Students engage in a conversation that focuses on creating a generation free of HIV/Aids

Dr Sivuyile Madikana (far right) and the #VarsityConvos panel members.

The first #VarsityConvos discussion, which took place earlier this week at the Wits Solomon Mahlangu House, focused on HIV/Aids awareness and the risky behaviour students engage in that increases their chances of contracting the virus.

On August 28, Wits alumnus Dr Sivuyile Madikana, who hosted the discussion, said the stigma around the virus makes it difficult to talk about.

The first step to getting rid of the stigma is to create environments that allow people to understand the magnitude of the virus in South Africa. “Two-thirds of the HIV population in the world is from sub-saharan Africa, therefore, 75% of everyone who is HIV positive is from the region we are in,” said Madikana.

Special projects editor at the Mail and Guardian Zamantugwa Khumalo highlighted the importance of getting tested. “We live in a world where there is a lot of hook-up culture and we need to get to a point where using self-testing kits in such situations is not considered awkward,” said Khumalo.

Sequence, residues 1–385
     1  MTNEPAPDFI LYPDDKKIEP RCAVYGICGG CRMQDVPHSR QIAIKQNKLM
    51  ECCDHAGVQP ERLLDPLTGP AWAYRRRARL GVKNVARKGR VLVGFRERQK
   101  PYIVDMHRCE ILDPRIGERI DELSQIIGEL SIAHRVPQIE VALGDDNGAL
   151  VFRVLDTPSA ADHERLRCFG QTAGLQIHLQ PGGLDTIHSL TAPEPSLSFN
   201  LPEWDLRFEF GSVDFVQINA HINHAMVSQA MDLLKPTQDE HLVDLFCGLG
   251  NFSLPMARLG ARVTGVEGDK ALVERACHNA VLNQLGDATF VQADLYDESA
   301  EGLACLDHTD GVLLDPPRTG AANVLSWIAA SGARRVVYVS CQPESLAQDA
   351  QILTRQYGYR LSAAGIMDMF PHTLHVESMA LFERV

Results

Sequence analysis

Second-year BA Social Work student Thami Mametja said that conversations about HIV/AIDS among young people should take place but they should be more relatable to the audience. “If you are going to tell me it’s going to be a seminar on HIV, I know those things, I can research about it, but if we are going to have fun activities and engage, people are going to have fun,” she said.
The audience was encouraged to have candid and honest conversations in their social groups about HIV/Aids. Panel member, Dr Musawenkosi Mthombeni said that to create an HIV/Aids-free generation “we need to stop new infections from occurring” and always make conscious decisions in our daily lives to remain HIV negative.

Musawenkosi said that more awareness campaigns are needed in higher education. A panel member, Basetsana Magosi, talked about the encounters she has had with students. She told Wits Vuvuzela that students don’t know about the help they can get from campus health.

Magosi also encouraged people to have conversations about safe sex. This would make it easier for people to get tested on a regular basis.